Any musical composition has harmony, melody, and spaces inbetween that truly form the piece. We enjoy the wait for the first note. John Cage’s “As Slowly As Possible” consists of a series of rests for nearly two years, with a first note played almost four years later. The interplay of rests with chords in such a long piece marks the work as contemporary; it also allows time for the listener to fill in the space with any number of thoughts, thereby making the piece for each audience member different and unique.
To create a work that will outlive the musician’s own life and those of his descendants for multiple generations is one of the ultimate expressions of repose. At 639 years, the performance of Cage’s piece at Halberstadt, Germany, takes the idea of silence and musical breaks to new limits. I remember when I read about this piece and wondered what it would be like to be the performer, the person sitting in front of the organ doing nothing as the rest notes continued for nearly two years. Would bathroom breaks be permitted? Are there stand-in performers? Would anyone notice if no one was sitting at the organ for a few minutes or an hour? (In the actual performance, sandbags on the organ pedals keep the notes playing continuously; they will next be adjusted on February 5th, 2022.)
Rest is a time when the body restores itself. In singing a song, a note is limited to the length of a single breath. Whether in a chorus or as a soloist, the human voice repairs and returns to its original state with each new inhalation that provides energy and new life to the notes of the song or musical piece.
Our lives are a musical piece that require regular pauses to renew, refresh, and reframe the direction we choose to follow. During this time when enforced lifestyle changes during a pandemic require a fresh approach to living, an active embrace of repose can clear a path to healing.
Active repose does not mean spending all day laying around in a bed or on the sofa. In my home tradition, repose means taking the time to finish up those loose ends, promises, dedications, and affirmations that we make before the gods and ourselves. Yes, what we promise to ourselves matters most because if we aren’t able to take in a deep breath, then we have no energy to continue on with our lives and the very essence of what it means to be. We are human beings who are experiencing a crazy tumultuous year. For those who have lost jobs, repose may mean taking time to pause and not give up. For those who are heartbroken, rest may mean finding others who need what we have to give. For those who are recovering from COVID-19, each day of lungs taking in air and symptom relief counts as repose. For those who are healing in families torn apart by the election season, the ability to focus on something else brings repose. For those suffering from insomnia due to the chaos of 2020, a break may bring a calm that allows some sleep to seep in.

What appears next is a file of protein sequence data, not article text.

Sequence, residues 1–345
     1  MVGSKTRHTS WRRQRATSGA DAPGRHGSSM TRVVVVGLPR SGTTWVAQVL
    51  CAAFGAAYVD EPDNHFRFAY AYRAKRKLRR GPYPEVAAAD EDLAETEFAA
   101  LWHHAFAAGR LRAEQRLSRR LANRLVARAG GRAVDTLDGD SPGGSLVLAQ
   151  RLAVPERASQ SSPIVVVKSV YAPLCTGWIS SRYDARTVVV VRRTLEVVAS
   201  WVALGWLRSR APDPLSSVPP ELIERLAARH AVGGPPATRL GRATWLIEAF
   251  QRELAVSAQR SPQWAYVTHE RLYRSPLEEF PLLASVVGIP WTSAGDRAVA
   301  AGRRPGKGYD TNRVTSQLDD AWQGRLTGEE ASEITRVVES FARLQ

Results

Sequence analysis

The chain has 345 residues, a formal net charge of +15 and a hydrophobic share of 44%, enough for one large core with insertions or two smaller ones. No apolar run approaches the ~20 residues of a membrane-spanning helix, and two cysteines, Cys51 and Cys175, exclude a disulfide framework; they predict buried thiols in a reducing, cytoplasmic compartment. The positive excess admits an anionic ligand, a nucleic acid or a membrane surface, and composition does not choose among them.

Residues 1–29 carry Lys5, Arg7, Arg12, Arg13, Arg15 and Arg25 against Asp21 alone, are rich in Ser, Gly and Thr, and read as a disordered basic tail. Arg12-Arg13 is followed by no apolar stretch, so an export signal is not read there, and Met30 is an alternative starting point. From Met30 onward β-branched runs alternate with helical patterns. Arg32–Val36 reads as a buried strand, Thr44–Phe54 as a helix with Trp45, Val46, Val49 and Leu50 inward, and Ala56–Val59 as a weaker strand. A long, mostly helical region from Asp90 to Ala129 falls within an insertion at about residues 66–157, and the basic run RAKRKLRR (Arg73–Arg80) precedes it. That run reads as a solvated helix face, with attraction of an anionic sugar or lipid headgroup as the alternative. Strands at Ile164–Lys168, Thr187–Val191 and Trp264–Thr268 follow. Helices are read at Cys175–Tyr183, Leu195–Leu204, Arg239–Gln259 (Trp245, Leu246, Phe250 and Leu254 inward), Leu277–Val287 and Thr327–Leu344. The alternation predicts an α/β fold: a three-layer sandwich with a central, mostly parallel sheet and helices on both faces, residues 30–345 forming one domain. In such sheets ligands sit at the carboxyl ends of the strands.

We are in a halcyon period after the storm. The waters need time to calm. Our emotions settle and become more even during a time of repose. For this moment, we pause, experience the calm, and breathe. We refrain from exertion as we let our bodies, minds, and spirits take in relaxation.
This is a time to rest, to heal, to inhale, exhale, and not to miss the pauses: Inhale. Pause. Exhale. Repeat.